#ChoosePsychiatry now! But will you have a job in ten years?

As a psychiatry-curious junior doctor (or medical student), you probably know that some patients and ex-patients have always been dissatisfied with their treatment. There has been an ‘Anti-Psychiatry’ movement, supported by a few psychiatrists, and other mental health professionals, since the 1960s.

But you may not know that the UK’s psychiatric establishment, in the form of its monopoly professional body, the Royal College of Psychiatrists (RCPsych), has actually appeased and even encouraged some aspects of ‘Anti-Psychiatry’.

Although RCPsych leaders claim that they have government agreement for psychiatry remaining the lead profession in Mental Health for the foreseeable future, there is nothing legally binding about that assurance, and there will be at least two general elections in the next ten years.

There is evidence that RCPsych leaders are, in fact, ready to let clinical psychologists take over, perhaps quite soon. If that happens then many who choose psychiatry now may never become consultants, or even have a job at all in 2028.

In 2015 Dr Simon Wessely FRCPsych was the guest speaker at the ‘Critical Psychiatry Network’ (CPN) conference, during the first year of his RCPsych presidency. Neither he nor the CPN have written about or publicised this, although it appears that he expressed sympathy for their anti-diagnosis views. A few months ago I obtained some unpublished photographs of the 2015 conference, including one showing Dr Wessely on a panel with Peter Kinderman, past president of the British Psychological Society and author of A Prescription for Psychiatry (2014):


(Panel discussion at the 2015 Critical Psychiatry Network (CPN) Conference: (left to right) Dr Joanna Moncrieff MRCPsych, CPN co-chair; Dr Simon Wessely FRCPsych, President of the Royal College of Psychiatrists (RCPsych) 2014-7; (unknown); clinical psychologist Peter Kinderman; Dr Hugh Middleton MRCPsych, CPN co-chair.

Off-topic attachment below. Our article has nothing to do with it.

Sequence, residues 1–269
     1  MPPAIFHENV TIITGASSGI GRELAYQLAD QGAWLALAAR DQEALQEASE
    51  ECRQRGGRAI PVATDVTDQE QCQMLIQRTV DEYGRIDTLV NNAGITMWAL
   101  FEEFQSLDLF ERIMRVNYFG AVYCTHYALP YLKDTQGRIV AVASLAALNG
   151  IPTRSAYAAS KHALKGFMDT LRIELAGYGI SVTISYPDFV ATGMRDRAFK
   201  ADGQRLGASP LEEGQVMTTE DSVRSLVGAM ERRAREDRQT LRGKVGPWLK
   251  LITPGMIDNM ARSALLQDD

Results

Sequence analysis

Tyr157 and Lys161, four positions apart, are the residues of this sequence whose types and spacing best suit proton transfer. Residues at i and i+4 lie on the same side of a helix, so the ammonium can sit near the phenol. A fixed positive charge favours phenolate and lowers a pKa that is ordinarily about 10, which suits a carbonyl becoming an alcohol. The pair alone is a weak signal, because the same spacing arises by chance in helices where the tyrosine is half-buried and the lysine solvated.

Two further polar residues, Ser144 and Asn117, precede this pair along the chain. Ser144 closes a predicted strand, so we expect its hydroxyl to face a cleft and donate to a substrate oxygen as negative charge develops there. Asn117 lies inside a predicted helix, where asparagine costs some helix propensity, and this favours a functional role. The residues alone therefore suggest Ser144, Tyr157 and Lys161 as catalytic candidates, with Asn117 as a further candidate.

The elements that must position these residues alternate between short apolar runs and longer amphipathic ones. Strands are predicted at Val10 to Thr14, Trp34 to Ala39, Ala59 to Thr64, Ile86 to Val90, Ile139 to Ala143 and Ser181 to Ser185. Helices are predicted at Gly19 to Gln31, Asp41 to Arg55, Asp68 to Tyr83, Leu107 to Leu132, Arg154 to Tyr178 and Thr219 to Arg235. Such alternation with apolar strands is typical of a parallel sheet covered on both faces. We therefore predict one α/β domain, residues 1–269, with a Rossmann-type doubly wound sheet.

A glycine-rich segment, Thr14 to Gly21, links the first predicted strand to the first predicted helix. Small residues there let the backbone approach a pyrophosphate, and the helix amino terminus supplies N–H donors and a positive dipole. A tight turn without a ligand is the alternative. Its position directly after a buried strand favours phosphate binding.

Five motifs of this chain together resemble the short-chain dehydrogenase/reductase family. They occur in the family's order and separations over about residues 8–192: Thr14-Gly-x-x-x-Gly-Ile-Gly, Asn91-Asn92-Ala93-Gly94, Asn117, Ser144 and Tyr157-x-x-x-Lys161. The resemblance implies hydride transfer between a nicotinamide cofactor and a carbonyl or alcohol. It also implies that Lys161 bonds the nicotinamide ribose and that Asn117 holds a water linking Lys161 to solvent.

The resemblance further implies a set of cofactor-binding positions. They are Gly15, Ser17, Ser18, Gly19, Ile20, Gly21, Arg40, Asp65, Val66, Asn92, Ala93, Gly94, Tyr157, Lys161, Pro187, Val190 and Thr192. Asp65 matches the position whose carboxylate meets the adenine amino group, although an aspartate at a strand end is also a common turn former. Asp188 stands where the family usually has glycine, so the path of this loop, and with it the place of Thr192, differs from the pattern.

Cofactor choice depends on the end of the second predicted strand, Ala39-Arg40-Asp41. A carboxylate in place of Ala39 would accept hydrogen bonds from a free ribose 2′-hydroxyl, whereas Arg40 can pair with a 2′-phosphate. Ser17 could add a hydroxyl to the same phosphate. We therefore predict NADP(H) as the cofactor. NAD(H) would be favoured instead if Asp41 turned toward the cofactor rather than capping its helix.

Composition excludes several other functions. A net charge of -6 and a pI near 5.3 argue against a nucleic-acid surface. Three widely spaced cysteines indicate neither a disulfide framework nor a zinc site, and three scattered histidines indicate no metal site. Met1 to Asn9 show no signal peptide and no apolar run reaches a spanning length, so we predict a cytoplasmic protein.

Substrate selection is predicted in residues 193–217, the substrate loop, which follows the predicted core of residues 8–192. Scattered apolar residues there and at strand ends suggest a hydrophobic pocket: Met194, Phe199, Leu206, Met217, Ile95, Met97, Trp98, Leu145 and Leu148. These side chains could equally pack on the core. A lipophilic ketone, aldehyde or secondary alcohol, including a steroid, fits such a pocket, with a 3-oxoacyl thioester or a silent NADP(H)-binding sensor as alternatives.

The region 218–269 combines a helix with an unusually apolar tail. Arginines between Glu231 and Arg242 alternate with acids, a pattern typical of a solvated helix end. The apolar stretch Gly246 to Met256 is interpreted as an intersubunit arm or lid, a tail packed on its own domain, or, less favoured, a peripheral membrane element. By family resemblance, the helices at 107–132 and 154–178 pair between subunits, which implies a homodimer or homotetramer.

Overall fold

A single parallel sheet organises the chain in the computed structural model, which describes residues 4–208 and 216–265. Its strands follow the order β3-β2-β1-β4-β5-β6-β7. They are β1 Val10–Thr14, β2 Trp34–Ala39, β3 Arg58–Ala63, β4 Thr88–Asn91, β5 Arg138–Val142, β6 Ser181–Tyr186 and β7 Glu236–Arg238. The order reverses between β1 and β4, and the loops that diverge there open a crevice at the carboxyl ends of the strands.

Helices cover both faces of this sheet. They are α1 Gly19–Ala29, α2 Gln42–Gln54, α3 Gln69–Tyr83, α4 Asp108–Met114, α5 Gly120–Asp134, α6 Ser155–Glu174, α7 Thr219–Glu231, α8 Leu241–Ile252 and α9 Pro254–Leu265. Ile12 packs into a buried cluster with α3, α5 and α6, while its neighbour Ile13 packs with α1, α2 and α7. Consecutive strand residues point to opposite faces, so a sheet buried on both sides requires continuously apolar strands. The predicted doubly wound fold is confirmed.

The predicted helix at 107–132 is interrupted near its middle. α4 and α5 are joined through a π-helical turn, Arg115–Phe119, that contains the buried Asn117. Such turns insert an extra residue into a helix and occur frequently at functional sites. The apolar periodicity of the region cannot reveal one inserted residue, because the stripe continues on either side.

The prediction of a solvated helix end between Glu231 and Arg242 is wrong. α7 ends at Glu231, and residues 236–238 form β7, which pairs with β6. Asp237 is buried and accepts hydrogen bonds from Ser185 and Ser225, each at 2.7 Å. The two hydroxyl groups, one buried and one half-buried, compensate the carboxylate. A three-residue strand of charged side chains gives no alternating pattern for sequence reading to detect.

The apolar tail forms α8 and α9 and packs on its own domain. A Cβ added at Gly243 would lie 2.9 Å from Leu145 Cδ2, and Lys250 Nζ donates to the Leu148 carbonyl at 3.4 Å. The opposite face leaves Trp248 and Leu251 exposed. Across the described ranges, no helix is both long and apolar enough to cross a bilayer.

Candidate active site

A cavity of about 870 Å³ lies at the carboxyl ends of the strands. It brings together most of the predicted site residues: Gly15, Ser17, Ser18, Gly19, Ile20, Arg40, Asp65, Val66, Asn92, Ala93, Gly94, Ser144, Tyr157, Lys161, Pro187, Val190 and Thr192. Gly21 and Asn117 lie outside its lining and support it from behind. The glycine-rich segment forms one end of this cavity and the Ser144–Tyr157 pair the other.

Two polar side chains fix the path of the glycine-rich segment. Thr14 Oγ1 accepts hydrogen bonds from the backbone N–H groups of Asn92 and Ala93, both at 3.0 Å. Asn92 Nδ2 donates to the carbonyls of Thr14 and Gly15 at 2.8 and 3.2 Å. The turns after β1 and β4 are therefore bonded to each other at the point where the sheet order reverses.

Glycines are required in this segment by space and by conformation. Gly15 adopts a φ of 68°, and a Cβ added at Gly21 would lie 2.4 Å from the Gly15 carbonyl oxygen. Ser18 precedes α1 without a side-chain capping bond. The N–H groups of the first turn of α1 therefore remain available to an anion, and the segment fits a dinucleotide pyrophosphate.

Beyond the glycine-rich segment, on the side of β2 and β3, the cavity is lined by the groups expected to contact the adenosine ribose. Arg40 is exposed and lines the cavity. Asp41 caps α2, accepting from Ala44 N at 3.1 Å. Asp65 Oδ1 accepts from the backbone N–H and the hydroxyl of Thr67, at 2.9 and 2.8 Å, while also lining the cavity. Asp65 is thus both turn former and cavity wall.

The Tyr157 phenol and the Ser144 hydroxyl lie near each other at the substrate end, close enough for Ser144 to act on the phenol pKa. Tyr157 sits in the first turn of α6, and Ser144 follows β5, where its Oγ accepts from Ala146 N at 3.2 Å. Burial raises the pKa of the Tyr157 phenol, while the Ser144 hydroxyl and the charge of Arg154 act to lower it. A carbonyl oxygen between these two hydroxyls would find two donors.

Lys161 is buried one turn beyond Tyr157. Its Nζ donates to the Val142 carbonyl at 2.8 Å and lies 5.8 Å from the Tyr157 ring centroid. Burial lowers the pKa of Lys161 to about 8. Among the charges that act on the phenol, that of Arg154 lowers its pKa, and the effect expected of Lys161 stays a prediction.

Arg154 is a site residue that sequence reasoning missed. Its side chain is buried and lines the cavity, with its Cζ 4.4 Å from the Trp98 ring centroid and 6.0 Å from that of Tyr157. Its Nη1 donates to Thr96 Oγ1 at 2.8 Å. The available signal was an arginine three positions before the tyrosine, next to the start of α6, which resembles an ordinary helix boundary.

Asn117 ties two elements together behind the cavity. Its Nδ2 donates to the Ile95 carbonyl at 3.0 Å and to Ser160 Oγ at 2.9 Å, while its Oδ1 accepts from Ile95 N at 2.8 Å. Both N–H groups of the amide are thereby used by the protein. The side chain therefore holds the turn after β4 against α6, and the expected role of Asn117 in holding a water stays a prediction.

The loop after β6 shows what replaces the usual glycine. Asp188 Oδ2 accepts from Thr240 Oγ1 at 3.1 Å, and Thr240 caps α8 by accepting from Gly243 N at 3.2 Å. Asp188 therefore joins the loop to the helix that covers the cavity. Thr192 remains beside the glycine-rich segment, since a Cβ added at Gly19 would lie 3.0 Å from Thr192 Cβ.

In A Prescription for Psychiatry, Kinderman states (p 50) ‘In my experience, the system of psychiatric diagnosis is demeaning and dehumanising…Ultimately, I believe there is no place for medical diagnosis in mental health care.’ After his reforms, he proposes (p 47) to ‘leave psychiatry – especially social psychiatry – as a key profession in a multidisciplinary service.’

But without diagnosis, what would psychiatrists actually do? Here the anti-diagnosis proposals become rather hazy. Kinderman and academic CPN psychiatrists such as Dr Joanna Moncrieff (who was Dr Wessely’s MD student) tend to imply that abolishing diagnosis will lead, by itself, to a reduction in medication  but as a backstop they say that some medication will still be necessary on a symptomatic basis.

It may all sound fanciful, but in fact learning disability psychiatry (in which I was an NHS specialist for ten years) has been a testing ground for anti-diagnosis views. The RCPsych has not released figures on consultant numbers, but there has been a marked decline in the number of nurses. Symptomatic use of medication has, if anything, increased.

Peter Kinderman has held a senior management role within NHS mental health services. His updated version of Anti-Psychiatry is attractive to politicians because he claims that he can increase patient satisfaction at no extra cost, or even with a reduction in cost.

Clearly, one saving which can be achieved if use of medication is merely symptomatic, is to get more of it prescribed by GPs, or non-consultant grades. This has already happened in the case of depression: most people treated in the NHS never see a consultant.

Faced with clinical psychologists promising such a mental health Utopia, RCPsych leaders have been reluctant to point out its faults, and have opted for short-term appeasement, allowing investment in mental health services to remain flat.